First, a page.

fbpx Kid-Sized Exercise Equipment! Really?

Kid-Sized Exercise Equipment! Really?

Posted
Mon, 02/03/2014 - 9:14am
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1 year ago
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Child-sized treadmill

Combating childhood obesity is not a bad thing, don’t get me wrong. And we certainly want kids happy, healthy, and in good physical shape. But come on. Look at this: indoor exercise equipment for children?! I clipped these product announcements a while back and was just waiting for the right moment to rant. Your eyes don’t deceive you: what we have here is a stationary bike for children and yes, a kid-sized treadmill. “Go Johnny, another 1/4 mile, then you can wash up for dinner.” Now call me old fashioned, but when I was a kid we ran around. A lot. Outside. We climbed trees, crawled through drainage tubes, hid in ditches, dug snow forts, rode actual bicycles, even walked and rode our bikes to school. Childhood is a time when children are naturally active, naturally curious, naturally excited to take adventures. Right? Outside too, right?

But here we are in our surreal modern world. While on one level these products are laughable but dig a little deeper and we’re seeing a sad reflection of the culture we live in where these product ideas not only weren’t laughed off the conceptual designer’s desk, but were considered doable, marketable, and sellable to thousands of families across the country because their kids — for all the many reasons that exist — are not able to run around and find their calorie-burning activity simply through play —  through the  spontaneous, creative, courageous acts of children during scenes of unstructured free play.

I know we share the deep belief in the power of play. That’s why we do what we do. We know that children, families, and communities benefit when children have access to safe open-ended play opportunities. We’ve read the studies, seen the films, gone to conferences all about the beauty and importance of real play. But for a while there it felt like we were the only ones watching this odd cultural shift away from natural childhood to a playless society with untold unnerving ramifications. Thankfully we are not alone anymore. Society is waking up from its hazy slumber and asking, “What the heck is wrong with us?” And then next, “What can we do about it?”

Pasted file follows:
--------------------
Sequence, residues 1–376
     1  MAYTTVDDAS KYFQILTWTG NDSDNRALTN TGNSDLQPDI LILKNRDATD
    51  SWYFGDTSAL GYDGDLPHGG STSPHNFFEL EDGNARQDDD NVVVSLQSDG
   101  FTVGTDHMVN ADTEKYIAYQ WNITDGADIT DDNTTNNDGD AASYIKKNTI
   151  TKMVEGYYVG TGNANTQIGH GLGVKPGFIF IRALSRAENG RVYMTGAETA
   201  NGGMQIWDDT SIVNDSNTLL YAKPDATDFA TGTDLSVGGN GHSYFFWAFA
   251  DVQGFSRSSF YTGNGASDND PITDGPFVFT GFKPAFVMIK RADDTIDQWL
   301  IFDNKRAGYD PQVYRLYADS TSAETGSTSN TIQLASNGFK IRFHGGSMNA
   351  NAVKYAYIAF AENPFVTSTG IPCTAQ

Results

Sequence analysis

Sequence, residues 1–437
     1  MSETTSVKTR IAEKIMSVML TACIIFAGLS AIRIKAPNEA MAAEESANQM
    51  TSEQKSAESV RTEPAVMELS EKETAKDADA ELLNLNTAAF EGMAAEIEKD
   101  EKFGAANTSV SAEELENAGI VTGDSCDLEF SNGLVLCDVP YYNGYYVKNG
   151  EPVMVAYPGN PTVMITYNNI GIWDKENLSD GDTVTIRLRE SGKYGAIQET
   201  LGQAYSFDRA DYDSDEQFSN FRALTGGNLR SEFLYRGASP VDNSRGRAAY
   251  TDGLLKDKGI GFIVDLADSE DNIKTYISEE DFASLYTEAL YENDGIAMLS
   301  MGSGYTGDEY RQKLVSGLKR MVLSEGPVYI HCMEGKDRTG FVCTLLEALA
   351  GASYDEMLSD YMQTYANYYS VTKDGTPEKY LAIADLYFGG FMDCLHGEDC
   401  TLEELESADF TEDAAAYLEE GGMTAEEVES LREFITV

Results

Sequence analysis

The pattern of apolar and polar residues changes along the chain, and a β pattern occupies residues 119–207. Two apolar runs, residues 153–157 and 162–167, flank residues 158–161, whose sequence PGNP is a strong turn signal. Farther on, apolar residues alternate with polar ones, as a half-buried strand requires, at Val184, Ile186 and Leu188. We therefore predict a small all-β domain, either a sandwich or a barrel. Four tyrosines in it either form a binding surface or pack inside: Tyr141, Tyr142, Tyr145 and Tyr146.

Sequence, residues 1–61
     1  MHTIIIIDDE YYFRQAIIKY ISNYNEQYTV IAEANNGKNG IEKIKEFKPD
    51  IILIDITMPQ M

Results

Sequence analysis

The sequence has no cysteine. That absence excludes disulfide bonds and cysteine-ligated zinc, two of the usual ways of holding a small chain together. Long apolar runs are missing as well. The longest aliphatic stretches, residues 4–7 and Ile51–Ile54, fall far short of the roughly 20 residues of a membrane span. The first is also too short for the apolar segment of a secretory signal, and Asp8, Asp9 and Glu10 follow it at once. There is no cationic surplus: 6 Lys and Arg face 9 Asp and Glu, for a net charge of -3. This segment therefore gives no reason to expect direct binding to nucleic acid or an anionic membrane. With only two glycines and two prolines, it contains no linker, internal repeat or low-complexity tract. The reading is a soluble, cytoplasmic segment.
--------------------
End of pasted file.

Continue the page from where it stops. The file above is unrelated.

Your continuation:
Wonderfully, the answers are simpler than we may think and fun. We’re talking about a renaissance of adventure play opportunities where children have time and space to play in ways that support healthy development, heart, mind, body, and spirit. While our ultimate dream may be to restore the freedom of play to millions of modern kids to be able to stay outside until the street lights come on or their mother calls them in for dinner, we have “bridge” opportunities right now that will point us in the right direction and allow kids to play again the way they were born to.

Child-sized stationary bicycle

I am excited about the nouveau adventure playground movement because it’s a “gateway” opportunity to real children’s play. For all those parents who remember wild childhood play shenanigans like you and I do but are too afraid to let their own children run free, but want their children to run free, the new adventure playground model is here to help. Trained adult playworkers, loose play materials, and a culture of saying “yes” to children are what it’s all about. Time and space and adult sanctioning of adventurous play are the steps we can all take to support the play renaissance in our play work and hometown communities. We’ll get into letting kids play with fire and build outrageous towering forts from scrap material in later posts. But for now, it’s the knowing that the culture is shifting and the pendulum is swinging back to a more lenient realm of common sense and the common good. Good! So does that mean that in the future children won’t need kid-sized exercise equipment in their lonely rec-rooms and basements to keep them fit and healthy? Yes, yes, yes!

The Anarchy Zone

Rusty Keeler is an artist and play designer living among the hills and woods outside Ithaca, NY. Rusty worked as a playground equipment designer for BigToys in Olympia, WA and...

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